Author: Eddy D. Ventose (Faculty of Law, Cave Hill Campus, University of the West Indies, Barbados)
Philip Morris Products S.A. v British American Tobacco (Brands) Limited, Civil Appeal No. 1 of 2009, In the Matter of the Trade Marks Act, Cap 257 Laws of Belize, Revised Edition 2000
Journal of Intellectual Property Law & Practice (2010), doi: 10.1093/jiplp/jpq185, First published online 16 December 2010
Philip Morris (PM) lost its challenge in the Supreme Court of Belize to the application for registration by British American Tobacco (BAT) in Belize of its cigarette label EMBASSY as a trade mark under the Trade Marks Act, Cap 257, Laws of Belize (BTMA).
Facts and analysis
BAT applied to the Belize Intellectual Property Office (BIPO) for registration of its cigarette label EMBASSY as a trade mark. This was opposed by PM, who argued that the EMBASSY trade mark was substantially identical to or deceptively similar to its registered trade mark and the goods in respect of which the BAT application was made were identical or similar to those for which its MARLBORO mark was protected. PM also argued that its mark had acquired a reputation in Belize and that the use of the EMBASSY trade mark was confusingly similar because a similar design to its MARLBORO mark appeared at the bottom of the BAT mark. BAT claimed that its trade mark was not identical with or similar to PM's mark and as such was not likely to deceive or cause confusion in Belize.
Notwithstanding its concession that the MARLBORO mark might have acquired a reputation in Belize, BAT argued that both marks have co-existed peacefully in many markets around the world. The Registrar rejected the opposition on the basis that, while the goods were identical, the marks were not similar and there was thus no likelihood of confusion. PM appealed to the Supreme Court on the basis that, having accepted that PM's mark was a well-known mark under the Paris Convention, the Registrar should have considered the legal implications of that added protection which arose by reason of section 37(3) BTMA and section 61(2) BTMA (which incorporated Paris Convention protection for marks with a reputation).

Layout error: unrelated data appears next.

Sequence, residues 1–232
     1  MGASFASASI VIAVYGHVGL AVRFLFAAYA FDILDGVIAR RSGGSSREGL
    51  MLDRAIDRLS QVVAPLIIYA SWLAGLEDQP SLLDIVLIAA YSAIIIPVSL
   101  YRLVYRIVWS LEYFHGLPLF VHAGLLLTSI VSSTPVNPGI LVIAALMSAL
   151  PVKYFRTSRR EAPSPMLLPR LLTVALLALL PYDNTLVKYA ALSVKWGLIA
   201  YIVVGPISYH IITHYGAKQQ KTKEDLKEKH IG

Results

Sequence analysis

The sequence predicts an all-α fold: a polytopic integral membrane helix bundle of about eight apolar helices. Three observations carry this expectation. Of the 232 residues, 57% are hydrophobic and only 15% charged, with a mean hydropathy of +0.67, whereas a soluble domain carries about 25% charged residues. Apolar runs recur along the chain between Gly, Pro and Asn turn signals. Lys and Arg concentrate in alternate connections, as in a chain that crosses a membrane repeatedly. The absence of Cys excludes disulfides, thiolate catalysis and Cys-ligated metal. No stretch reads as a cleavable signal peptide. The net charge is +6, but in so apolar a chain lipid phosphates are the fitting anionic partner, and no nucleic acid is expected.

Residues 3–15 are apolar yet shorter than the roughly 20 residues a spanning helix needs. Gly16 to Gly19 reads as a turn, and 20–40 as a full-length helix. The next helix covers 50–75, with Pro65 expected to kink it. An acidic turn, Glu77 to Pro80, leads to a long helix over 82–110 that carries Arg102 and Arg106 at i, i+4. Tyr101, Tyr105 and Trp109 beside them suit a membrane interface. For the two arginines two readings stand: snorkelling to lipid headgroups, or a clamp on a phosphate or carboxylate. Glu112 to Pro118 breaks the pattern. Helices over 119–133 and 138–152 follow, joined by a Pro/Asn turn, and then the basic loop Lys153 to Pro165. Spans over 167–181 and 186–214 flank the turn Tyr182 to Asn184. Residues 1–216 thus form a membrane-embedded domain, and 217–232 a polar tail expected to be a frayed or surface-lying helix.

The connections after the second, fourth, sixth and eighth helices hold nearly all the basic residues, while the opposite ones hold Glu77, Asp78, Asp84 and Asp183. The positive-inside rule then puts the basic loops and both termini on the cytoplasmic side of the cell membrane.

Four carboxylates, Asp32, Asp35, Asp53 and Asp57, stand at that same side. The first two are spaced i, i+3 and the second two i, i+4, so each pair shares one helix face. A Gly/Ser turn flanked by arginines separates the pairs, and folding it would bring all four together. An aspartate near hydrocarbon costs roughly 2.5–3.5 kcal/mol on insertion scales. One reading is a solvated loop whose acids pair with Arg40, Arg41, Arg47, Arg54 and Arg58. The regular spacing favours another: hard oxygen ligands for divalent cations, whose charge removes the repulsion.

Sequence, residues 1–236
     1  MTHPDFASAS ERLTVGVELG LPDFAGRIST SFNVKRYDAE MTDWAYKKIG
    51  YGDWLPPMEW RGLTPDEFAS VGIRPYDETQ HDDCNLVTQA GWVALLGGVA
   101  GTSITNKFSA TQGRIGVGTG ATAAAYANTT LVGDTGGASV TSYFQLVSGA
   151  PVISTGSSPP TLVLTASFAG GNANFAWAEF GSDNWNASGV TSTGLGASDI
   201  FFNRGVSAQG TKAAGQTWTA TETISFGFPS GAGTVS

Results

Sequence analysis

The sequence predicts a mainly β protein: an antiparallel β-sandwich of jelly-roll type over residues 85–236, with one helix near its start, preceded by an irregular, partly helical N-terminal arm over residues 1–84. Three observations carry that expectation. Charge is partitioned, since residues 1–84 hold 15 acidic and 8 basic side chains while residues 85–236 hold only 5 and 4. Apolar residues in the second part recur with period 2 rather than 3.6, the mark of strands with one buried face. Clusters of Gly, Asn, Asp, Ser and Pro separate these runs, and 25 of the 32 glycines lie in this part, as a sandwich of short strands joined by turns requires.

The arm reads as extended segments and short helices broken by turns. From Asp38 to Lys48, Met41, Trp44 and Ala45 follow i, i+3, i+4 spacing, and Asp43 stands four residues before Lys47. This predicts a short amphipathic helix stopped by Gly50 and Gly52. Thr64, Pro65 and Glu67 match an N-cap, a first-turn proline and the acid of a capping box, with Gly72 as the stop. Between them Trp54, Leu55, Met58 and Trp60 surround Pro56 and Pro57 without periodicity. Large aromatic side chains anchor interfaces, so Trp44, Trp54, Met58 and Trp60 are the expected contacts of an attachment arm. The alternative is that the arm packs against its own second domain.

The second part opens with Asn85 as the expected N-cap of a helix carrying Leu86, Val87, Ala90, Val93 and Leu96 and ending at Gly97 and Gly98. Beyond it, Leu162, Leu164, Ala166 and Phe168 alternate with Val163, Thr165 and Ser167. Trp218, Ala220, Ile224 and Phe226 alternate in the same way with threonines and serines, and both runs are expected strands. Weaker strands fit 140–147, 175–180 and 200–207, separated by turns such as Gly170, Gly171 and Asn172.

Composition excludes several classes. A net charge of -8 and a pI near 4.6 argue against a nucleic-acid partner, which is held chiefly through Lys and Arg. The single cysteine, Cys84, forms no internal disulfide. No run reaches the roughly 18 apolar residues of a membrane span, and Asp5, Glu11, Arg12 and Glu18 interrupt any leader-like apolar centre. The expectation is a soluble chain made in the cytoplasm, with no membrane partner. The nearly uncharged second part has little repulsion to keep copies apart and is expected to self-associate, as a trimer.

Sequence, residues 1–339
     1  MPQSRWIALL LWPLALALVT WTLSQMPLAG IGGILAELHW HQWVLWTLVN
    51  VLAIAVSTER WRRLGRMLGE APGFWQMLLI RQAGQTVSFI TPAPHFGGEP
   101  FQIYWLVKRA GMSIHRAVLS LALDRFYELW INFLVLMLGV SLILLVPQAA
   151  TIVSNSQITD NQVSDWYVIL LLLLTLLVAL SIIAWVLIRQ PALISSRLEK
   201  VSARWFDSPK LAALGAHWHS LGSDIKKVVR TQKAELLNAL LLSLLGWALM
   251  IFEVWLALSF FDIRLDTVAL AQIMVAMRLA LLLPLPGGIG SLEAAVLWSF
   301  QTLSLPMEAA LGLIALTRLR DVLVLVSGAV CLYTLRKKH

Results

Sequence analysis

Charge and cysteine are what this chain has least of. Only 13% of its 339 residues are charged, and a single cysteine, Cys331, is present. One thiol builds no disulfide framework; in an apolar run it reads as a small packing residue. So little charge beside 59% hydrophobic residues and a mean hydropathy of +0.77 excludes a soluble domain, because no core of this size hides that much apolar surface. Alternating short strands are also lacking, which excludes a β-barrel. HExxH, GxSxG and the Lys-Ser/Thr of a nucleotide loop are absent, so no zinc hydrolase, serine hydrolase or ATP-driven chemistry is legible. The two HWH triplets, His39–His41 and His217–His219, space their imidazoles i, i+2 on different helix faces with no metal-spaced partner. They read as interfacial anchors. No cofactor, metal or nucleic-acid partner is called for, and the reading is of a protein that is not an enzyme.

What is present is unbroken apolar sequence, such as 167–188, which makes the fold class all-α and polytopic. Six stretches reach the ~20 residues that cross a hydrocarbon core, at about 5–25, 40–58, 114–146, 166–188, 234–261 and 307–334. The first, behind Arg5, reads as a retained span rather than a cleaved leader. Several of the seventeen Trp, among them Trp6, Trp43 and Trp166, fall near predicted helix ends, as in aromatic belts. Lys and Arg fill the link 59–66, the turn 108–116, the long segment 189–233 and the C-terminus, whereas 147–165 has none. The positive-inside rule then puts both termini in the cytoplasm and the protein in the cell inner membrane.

Chief Justice Conteh accepted that, given the finding of the Registrar that the goods of the parties, such as cigarettes and cigars, were identical, there might be no need for the Registrar to refer to section 37(3) BTMA which dealt with identical or similar marks on dissimilar goods and services. He pointed out that ‘this was a limited view by the Registrar, given the admitted reputation of Philip Morris's trade mark. He ought to have considered sub-section (3) of the Act’. I am uncertain why this was necessary: a finding that goods are identical precludes examination of section 37(3) BTMA, which refers to dissimilar goods only. Conteh CJ continued that the Registrar should have taken into account the distinctive character of the MARLBORO trade mark and its admitted reputation when determining whether the similarity or identity between PM's goods (cigarettes etc) in respect of its earlier trade mark and those goods covered by BAT's (cigarettes) was sufficient to give rise to a likelihood of confusion. This is startling since the Registrar referred to Case C-251/95 Sabel BV v Puma AG for the view that in assessing the similarity of trade marks, the average consumer usually regarded a trade mark as a whole and does not conduct a detailed analysis of it; in conducting an assessment of the visual, aural and conceptual similarities of the trade marks, reference must be made to the overall impressions created by the trade marks while taking note of their distinctive and dominant components. Admittedly, the Registrar did not make mention of the reputation of the MARLBORO trade mark, but this does not undermine his firm conclusion on the facts that the goods in question were identical.